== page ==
Gateway Gazette

Fair Deal Town Hall at Priddis

Members of the High Country Rural Crime Watch thought you may be interested to join in an event set up by our local MLA Miranda Rosin.

The FAIR DEAL TOWN HALL will be held at the PRIDDIS Community Hall on February 5, 2020, at 7 pm.

Map link to the Priddis Hall location

Join in the discussion and have your say!

If possible, email RSVP to:

One of the topics you may be interested to hear about and comment on is the idea of establishing a provincial police force by ending the Alberta Police Service Agreement with the Government of Canada.

There are a number of areas being explored as the Fair Deal Panel travels our province to listen to Albertans and get their ideas for Alberta’s future.  For more info on background and content, visit:


FAIR DEAL FOR ALBERTA (info from website)

The Fair Deal Panel is consulting Albertans on how best to define and secure a fair deal for Alberta. They’re exploring ideas that give us a bigger voice within the federation, increase our power over areas of provincial jurisdiction, and advance our vital economic interests, such as building energy pipelines.

Albertans are frustrated with the federal government and the barriers they’re imposing on our economy. We’ve been the biggest contributing province to Canada’s prosperity by far, but some provinces that are profiting from our resources now seem determined to landlock our industries.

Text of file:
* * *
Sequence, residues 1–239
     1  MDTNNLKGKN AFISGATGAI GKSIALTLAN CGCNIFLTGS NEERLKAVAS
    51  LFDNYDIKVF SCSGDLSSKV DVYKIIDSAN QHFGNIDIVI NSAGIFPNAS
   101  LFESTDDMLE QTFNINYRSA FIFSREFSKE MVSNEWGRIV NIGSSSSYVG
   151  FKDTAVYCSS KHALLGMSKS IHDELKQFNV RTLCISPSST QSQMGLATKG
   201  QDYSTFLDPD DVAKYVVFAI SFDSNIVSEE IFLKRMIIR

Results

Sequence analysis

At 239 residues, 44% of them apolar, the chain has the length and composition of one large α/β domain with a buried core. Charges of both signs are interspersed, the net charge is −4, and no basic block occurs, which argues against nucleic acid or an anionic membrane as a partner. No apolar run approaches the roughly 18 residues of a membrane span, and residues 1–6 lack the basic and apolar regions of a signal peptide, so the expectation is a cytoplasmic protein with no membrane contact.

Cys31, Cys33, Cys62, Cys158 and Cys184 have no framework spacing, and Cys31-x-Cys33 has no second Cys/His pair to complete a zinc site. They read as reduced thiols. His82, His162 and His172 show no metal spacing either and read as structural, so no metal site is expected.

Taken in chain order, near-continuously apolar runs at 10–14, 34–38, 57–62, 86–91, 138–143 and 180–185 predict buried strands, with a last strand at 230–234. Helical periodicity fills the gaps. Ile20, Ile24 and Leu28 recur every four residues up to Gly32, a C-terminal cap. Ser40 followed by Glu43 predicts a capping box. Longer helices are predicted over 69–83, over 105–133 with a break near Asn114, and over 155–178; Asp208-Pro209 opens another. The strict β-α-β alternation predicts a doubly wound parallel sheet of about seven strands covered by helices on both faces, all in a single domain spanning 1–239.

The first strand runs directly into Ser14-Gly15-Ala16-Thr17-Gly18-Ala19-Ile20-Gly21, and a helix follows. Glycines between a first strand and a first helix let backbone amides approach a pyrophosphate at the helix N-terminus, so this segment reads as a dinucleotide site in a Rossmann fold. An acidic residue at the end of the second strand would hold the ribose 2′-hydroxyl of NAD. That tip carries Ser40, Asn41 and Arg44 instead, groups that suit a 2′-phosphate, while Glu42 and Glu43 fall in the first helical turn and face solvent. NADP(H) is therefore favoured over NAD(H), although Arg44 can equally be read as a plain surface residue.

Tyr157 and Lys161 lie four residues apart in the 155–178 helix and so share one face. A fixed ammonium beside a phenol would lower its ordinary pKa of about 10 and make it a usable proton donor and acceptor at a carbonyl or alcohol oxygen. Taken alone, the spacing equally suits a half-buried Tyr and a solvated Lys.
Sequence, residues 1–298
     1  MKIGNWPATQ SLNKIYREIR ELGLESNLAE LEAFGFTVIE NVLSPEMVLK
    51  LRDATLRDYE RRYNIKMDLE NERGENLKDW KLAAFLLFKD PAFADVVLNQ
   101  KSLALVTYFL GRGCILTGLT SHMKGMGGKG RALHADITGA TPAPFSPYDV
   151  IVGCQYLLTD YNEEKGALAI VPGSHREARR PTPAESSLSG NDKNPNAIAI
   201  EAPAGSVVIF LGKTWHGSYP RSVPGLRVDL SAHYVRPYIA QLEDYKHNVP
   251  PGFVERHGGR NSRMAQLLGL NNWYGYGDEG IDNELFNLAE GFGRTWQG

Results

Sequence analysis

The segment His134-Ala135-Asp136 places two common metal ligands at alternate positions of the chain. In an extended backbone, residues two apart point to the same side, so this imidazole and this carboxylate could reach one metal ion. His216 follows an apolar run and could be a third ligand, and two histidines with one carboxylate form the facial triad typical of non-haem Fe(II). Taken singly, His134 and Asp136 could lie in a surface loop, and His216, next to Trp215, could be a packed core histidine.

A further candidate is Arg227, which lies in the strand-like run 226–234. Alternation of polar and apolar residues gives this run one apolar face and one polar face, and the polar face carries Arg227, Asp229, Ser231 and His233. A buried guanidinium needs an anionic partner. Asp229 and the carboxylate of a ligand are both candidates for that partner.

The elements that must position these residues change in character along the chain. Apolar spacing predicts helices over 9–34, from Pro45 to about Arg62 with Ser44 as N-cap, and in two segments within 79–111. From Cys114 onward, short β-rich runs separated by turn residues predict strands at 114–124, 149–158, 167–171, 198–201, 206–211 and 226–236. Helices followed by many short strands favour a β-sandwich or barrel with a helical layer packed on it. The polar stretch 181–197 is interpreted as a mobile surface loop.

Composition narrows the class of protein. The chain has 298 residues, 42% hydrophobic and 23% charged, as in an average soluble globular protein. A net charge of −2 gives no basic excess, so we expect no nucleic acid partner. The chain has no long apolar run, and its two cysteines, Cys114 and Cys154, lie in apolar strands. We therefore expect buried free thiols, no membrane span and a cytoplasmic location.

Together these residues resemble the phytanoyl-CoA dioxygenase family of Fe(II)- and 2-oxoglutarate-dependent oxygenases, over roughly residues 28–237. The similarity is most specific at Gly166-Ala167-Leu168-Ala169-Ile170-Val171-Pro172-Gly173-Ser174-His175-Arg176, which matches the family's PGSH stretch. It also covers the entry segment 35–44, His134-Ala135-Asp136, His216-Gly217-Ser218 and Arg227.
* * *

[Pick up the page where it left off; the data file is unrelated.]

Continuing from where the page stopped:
Alberta isn’t asking for a special deal, just a fair one.


The Fair Deal Panel is listening to Albertans and their ideas for Alberta’s future.  Specific areas being explored include:

• Establishing a provincial revenue agency to collect provincial taxes directly by ending the Canada-Alberta Tax Collection Agreement, while joining Quebec in seeking an agreement to collect federal taxes within the province.

• Creating an Alberta Pension Plan by withdrawing from the Canada Pension Plan.

• Establishing a provincial police force by ending the Alberta Police Service Agreement with the Government of Canada.

• Emulating Quebec’s practice of playing a larger role in international relations, in part by seeking Alberta representation in treaty negotiations that effect Alberta’s interests.

• Emulating Quebec’s legal requirement that public bodies, including municipalities and school boards, obtain the approval of the provincial government before they can enter into agreements with the federal government.

• Using the existing provincial power to appoint the Chief Firearms Office for Alberta.

• Opting out of federal cost share programs with full compensation, such as the federal government’s proposed pharmacare program.

• Seeking an exchange of tax points for federal cash transfers under the Canada Health and Social Transfers.

• Establishing a formalized provincial constitution.



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